The Covenanter in the Cave: Traditions of Alexander Brown in Lesmahagow and Douglas
John Graham of Claverhouse is said to have attempted to capture him three times. However, Alexander Brown escaped by hiding in a dugout cave by a river bank. At least, according to tradition…
As has been stressed many times before, later traditions are not a reliable guide to the history of the Covenanters. They record how the Covenanters were recalled over a 150 years later, usually for religious and pedagogical purposes. The following tradition was published in Greenshields’ Annals of the Parish of Lesmahagow in 1864. (See Appendix, p29.)
The Tradition of Alexander Brown
‘The following notice of Alexander Brown, a native of Muirkirk in Ayrshire, is taken from old manuscript papers and reports collected by friends and relations of the Covenanters of Lesmahagow. We give it nearly in the words of the original:—
Alexander Brown was a native of Muirkirk parish, and a farmer. He was cousin to John Brown of Priesthill. Their places of abode were contiguous and their intercourse great, and they often talked about the afflictions of the bleeding Church, which oppressors were trampling in the dust.
Brown was not recorded on the Fugitive Roll of 1684.
John Brown of Priesthill was summarily executed on the orders of John Graham of Claverhouse on 1 May, 1685. John Brown was a founding member of the United Societies. The Societies’ second convention was held at Priesthill.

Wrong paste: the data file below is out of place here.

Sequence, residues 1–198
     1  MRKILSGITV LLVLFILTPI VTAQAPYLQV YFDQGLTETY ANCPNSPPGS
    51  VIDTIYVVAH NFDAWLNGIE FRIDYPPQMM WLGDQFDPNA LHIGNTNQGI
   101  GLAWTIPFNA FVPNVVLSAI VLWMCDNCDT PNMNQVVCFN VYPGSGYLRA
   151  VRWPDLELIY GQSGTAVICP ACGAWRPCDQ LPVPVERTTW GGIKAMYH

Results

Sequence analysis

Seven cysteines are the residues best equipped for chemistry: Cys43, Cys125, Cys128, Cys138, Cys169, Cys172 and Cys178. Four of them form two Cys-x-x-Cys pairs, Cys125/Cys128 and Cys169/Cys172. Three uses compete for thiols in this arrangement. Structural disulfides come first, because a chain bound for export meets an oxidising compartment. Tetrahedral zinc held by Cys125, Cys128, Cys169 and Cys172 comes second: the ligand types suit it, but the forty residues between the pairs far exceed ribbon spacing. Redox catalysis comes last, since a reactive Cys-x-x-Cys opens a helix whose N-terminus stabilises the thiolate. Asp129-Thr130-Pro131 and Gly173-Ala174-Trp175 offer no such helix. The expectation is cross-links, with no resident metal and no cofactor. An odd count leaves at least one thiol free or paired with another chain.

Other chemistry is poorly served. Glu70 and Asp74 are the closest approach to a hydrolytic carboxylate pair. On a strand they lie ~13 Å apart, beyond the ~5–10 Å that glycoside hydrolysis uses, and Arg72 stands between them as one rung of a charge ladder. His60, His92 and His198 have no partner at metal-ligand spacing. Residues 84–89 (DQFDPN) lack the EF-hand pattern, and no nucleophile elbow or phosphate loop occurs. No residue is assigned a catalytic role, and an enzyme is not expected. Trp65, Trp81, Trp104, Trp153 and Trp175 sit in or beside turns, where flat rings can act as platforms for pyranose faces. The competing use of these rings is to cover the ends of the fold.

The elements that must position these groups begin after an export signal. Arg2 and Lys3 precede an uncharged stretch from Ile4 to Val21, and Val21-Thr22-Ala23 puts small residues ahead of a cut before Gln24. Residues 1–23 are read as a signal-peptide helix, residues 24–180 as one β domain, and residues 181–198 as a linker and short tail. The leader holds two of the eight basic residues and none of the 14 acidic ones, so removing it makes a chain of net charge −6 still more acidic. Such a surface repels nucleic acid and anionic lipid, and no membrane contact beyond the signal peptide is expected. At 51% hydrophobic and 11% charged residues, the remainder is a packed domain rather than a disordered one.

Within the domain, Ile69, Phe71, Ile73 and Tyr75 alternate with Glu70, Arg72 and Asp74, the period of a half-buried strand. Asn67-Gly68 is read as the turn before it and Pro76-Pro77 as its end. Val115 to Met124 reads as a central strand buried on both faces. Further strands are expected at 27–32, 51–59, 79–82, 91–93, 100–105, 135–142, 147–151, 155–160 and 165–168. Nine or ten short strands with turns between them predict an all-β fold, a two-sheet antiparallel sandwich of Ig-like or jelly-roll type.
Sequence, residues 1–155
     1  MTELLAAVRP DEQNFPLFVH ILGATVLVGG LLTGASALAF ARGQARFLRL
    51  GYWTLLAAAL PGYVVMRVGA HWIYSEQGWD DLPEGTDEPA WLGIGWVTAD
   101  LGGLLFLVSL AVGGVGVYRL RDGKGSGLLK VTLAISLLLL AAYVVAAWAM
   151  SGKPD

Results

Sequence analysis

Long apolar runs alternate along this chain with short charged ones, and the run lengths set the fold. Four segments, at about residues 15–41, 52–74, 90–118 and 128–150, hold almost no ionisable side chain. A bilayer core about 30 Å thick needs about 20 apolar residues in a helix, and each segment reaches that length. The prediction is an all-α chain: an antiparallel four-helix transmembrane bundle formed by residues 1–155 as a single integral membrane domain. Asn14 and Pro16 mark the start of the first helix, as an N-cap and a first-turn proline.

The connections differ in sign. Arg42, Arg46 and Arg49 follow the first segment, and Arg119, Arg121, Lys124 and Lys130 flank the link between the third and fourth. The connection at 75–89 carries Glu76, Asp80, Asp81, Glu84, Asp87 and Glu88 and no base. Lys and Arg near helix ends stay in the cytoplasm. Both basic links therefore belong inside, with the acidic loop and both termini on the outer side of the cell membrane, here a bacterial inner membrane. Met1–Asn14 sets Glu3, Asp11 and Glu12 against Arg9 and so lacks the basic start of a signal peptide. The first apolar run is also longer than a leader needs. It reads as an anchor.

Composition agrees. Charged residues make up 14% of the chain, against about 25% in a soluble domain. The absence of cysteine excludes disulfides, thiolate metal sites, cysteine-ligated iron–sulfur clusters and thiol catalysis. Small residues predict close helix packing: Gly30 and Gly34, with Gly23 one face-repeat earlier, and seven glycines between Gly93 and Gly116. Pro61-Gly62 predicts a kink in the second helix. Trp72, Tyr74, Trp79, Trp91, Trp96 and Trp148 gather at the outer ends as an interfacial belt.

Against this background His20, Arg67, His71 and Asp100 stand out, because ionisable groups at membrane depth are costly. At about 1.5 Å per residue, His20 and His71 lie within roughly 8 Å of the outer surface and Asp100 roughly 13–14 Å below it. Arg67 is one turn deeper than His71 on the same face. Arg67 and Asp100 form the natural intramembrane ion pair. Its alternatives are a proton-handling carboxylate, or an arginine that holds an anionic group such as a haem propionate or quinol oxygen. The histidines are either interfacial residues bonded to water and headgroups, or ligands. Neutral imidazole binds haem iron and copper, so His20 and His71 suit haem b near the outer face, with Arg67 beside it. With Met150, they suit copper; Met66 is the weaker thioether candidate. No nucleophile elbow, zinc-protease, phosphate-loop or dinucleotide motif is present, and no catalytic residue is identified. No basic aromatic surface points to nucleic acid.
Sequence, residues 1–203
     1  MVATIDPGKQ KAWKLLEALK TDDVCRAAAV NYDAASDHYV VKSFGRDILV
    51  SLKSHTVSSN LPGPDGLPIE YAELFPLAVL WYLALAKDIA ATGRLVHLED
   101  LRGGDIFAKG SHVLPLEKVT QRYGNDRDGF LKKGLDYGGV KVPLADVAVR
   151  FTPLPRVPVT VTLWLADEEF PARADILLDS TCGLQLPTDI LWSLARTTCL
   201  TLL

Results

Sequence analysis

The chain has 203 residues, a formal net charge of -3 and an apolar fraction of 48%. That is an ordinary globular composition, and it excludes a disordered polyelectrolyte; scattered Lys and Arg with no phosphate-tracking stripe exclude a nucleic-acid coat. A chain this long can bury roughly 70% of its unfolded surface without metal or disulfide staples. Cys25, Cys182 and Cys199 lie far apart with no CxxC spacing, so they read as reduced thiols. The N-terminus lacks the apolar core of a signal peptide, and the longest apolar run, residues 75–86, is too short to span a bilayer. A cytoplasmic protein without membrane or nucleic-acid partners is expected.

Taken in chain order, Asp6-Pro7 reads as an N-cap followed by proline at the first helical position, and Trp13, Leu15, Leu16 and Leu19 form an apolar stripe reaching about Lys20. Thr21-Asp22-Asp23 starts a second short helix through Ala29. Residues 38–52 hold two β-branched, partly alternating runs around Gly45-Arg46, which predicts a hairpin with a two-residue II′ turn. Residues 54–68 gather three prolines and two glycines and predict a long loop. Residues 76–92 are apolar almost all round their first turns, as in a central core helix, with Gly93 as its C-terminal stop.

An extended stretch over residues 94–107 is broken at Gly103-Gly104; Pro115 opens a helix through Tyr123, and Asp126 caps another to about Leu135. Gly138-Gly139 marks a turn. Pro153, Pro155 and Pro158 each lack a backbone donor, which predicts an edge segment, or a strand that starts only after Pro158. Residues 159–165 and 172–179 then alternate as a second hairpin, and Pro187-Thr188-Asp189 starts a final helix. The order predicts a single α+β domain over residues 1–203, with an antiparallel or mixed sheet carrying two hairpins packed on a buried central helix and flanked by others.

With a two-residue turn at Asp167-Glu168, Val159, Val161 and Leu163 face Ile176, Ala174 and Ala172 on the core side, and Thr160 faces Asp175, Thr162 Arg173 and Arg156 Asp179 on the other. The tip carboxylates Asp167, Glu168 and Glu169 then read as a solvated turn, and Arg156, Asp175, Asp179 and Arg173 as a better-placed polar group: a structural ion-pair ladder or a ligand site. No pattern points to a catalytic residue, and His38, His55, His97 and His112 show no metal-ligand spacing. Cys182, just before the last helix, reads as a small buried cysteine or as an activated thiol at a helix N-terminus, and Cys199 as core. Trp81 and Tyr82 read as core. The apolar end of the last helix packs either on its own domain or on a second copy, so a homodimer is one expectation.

‘Tradition has not named the year the following incident took place.
[John Graham of] Claverhouse and his troopers were scouring the muirland districts of Ayr and Lanark; but [Alexander] Brown had hitherto eluded their vigilance, notwithstanding Clavers’ determination to have him caught. One day Brown was a short distance from his own house when he saw the dragoons approaching. He was fully aware of their design; he knew that they saw him where he stood, and found that he could neither flee nor conceal himself. As he was not personally known to his enemies, he concluded that he might escape detection by assuming a cool and careless demeanour, so he walked deliberately towards the advancing troopers, as if anxious to see the military parade. This movement on his part completely lulled the suspicion of his foes.’